“Captain Golsteyn repeatedly exposed himself to direct and accurate enemy fire during a four-hour engagement in which his calm demeanor, decisive actions and fearlessness in the face of the enemy ultimately led to the liberation of the citizens of Marjah from an oppressive insurgent regime,” the citation states.

Bruised but not out, Maj. Golsteyn remarried, took a senior post in Washington with the International Association of Fire Fighters and welcomed a baby boy.

“His life was moving on,” Mr. Stackhouse said.

Maj. Golsteyn agreed in October 2016 to sit down with Fox News anchor Bret Baier for a special on warfighting. The officer was highly critical of tactics in Afghanistan. When asked whether he killed the bomb-maker, he said “yes.”

The answer apparently triggered Army Criminal Investigation Command to reopen the case.

Mr. Stackhouse said Maj. Golsteyn’s CIA and Fox News interviews dovetail, begging the question why the investigation started up again.

“I’m going to be asking all the questions about reopening the investigation. Who authorized it? What prompted it?” the attorney said.

Maj. Golsteyn has always said he viewed Rasoul as a combatant whom he killed, not murdered.

“The Taliban was a detainee at one point,” Mr. Stackhouse said. “He was released. And at a short time later there was an ambush on a road in southern Afghanistan, and Matt participated in that ambush and that bomb-maker was killed.

“When that guy was released from the combat outpost, he could have went anywhere in the world. The combat outpost was at a crossroads. He could have went in any direction. And where he went was the area where he was conducting his operations,” the attorney said.

‘They just lied to him’

Maj. Golsteyn’s regimental commander testified that he would have ordered the shot.

A “fact sheet” prepared by the office of Rep. Duncan Hunter, California Republican, said: “The bomb maker was also maneuvering back to a location where bomb components were stored and there was agreement that this is no different than reaching for an AK-47 or progressing to any weapon, for that matter.”

After the Army reopened the case in December 2016, Mr. Hunter, in protest, cited the words of incoming Defense Secretary James Mattis.

“Major Matt Golsteyn is an American hero, and his experience calls to attention another hero, retired General James Mattis and something he said: ‘There are some assholes in the world that just need to be shot.’ I know you agree that a known Afghan bomb-maker with the blood of American service members on his hands fits into that category,” Mr. Hunter said in a letter to then-Army Secretary Eric Fanning and Gen. Mark A. Milley, Army chief of staff.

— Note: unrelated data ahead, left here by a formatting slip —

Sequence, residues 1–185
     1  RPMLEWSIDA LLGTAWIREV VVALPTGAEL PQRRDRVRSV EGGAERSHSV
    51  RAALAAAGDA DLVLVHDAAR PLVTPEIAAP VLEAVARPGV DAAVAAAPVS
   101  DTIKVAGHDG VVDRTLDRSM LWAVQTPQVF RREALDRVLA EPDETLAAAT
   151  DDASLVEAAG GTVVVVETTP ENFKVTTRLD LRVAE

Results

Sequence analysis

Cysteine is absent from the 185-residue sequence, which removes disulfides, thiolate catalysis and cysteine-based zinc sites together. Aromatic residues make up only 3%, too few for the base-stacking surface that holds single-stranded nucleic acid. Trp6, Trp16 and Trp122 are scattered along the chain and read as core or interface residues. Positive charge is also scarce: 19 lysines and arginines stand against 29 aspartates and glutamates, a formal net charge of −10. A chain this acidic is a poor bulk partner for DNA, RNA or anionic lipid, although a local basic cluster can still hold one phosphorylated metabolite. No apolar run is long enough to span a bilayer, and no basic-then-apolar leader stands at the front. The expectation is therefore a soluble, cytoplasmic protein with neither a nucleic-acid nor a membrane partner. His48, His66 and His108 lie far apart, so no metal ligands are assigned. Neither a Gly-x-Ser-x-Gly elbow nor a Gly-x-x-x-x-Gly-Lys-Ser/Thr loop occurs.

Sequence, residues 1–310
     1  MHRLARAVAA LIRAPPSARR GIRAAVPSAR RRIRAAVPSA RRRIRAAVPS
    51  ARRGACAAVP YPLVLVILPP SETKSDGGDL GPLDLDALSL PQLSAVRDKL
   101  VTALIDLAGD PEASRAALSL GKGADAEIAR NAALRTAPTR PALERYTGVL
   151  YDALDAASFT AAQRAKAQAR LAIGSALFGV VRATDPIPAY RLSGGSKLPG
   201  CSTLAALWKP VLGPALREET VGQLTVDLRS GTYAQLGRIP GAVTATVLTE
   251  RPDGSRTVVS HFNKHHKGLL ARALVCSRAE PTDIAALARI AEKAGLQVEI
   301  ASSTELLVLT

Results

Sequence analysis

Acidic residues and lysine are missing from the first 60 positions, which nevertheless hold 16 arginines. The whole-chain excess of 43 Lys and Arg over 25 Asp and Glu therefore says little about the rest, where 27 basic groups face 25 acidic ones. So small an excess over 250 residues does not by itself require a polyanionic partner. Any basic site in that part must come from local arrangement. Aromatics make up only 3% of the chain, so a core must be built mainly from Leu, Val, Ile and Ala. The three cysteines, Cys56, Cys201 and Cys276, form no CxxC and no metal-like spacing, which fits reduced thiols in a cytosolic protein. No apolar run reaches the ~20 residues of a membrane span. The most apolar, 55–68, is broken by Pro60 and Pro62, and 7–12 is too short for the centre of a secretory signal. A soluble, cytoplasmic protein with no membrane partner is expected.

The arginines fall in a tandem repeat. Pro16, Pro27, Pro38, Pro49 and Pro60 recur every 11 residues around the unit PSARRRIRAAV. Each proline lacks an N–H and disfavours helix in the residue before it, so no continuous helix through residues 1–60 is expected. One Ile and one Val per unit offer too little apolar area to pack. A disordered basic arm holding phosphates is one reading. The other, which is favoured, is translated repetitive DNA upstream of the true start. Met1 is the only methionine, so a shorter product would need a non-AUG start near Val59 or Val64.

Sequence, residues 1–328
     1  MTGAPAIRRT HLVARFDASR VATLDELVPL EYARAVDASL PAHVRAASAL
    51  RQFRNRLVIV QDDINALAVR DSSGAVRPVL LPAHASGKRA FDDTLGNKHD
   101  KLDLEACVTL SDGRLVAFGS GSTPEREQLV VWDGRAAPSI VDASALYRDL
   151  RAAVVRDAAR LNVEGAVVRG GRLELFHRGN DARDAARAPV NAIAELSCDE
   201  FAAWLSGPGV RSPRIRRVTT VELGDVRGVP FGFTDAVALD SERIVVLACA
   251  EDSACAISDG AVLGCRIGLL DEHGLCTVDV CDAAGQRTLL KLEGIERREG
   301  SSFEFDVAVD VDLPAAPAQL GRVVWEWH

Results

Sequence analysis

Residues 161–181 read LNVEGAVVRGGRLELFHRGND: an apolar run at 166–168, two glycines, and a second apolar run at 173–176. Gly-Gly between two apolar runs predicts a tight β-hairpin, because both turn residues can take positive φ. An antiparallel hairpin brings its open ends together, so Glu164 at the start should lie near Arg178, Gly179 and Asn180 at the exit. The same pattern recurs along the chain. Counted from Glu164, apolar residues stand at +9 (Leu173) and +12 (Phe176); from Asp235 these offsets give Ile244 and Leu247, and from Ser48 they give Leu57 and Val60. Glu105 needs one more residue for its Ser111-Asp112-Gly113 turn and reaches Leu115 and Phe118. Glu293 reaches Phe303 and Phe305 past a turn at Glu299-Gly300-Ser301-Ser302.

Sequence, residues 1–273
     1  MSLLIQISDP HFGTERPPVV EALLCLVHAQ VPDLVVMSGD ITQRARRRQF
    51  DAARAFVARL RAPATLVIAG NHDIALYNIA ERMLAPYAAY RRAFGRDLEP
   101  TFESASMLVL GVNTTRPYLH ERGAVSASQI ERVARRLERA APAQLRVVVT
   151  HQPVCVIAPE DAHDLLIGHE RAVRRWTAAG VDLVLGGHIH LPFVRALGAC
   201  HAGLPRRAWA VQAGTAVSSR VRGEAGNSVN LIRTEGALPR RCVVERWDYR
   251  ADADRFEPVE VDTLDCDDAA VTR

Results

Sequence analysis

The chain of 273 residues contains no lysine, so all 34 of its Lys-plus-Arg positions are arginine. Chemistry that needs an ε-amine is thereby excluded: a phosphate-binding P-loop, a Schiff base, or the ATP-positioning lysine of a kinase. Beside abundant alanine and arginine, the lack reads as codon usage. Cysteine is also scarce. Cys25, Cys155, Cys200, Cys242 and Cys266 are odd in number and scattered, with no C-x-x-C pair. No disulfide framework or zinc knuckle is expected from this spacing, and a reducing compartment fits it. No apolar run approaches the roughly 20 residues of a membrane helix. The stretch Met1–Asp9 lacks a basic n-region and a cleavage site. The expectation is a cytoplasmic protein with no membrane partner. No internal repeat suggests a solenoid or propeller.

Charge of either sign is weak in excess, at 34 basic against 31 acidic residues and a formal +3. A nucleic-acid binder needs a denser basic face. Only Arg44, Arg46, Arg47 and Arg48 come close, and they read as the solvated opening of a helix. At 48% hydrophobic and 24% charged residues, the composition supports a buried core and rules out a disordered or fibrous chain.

Mr. Stackhouse contends that the investigation went off track early on. An Army investigator viewed the lie detector video. The agent concluded that Maj. Golsteyn took the Taliban fighter to his home base for bomb-making and executed him there.

“Matt never said that,” Mr. Stackhouse said.

At the board of inquiry, he said, a new agent on the case agreed that the first conclusion was wrong.

The major now is stationed at Fort Bragg. The next move is an Article 32 hearing in which a presiding officer will hear the evidence and make a recommendation up the chain of command. The presiding officer could propose dismissal on one end of the justice scale or, at worst, a court-martial.

After Thanksgiving, the Army ordered Maj. Golsteyn back to active duty and summoned him to Fort Bragg but gave him no heads-up. Mr. Stackhouse said his client thought it might be to finally discharge him or award him medical retirement.

“Instead, he had a discussion with his commanding officer on a Tuesday,” Mr. Stackhouse said. “The officer said, ‘Look, I don’t know what’s happening. I know the investigation is closed. You’ll know very soon.’ On Wednesday, he handed him murder charges that he had signed off on the day before. The whole thing was a kick in the teeth. ... They just lied to him.”

The Golsteyn family is counting on Mr. Trump, who tweeted: “At the request of many, I will be reviewing the case of a ‘U.S. Military hero,’ Major Matt Golsteyn, who is charged with murder. He could face the death penalty from our own government after he admitted to killing a Terrorist bomb maker while overseas.”

In another excerpt from his CIA interview, Maj. Golsteyn said: “So I’ve got a guy in the battlefield that I know is already responsible for the deaths of two, the making of countless IEDs, and whatever he’s committed before, he’s an open threat to the tribal leader in a very fragile process for us of getting some kind of popular support that allows us to get done what we want to get done. And he is a demonstrated threat to my guys. He’s is a combatant, was a combatant when we picked him up and was going to continue to be a combatant. We were fighting. We were under attack at that point in time for six to eight hours a day.”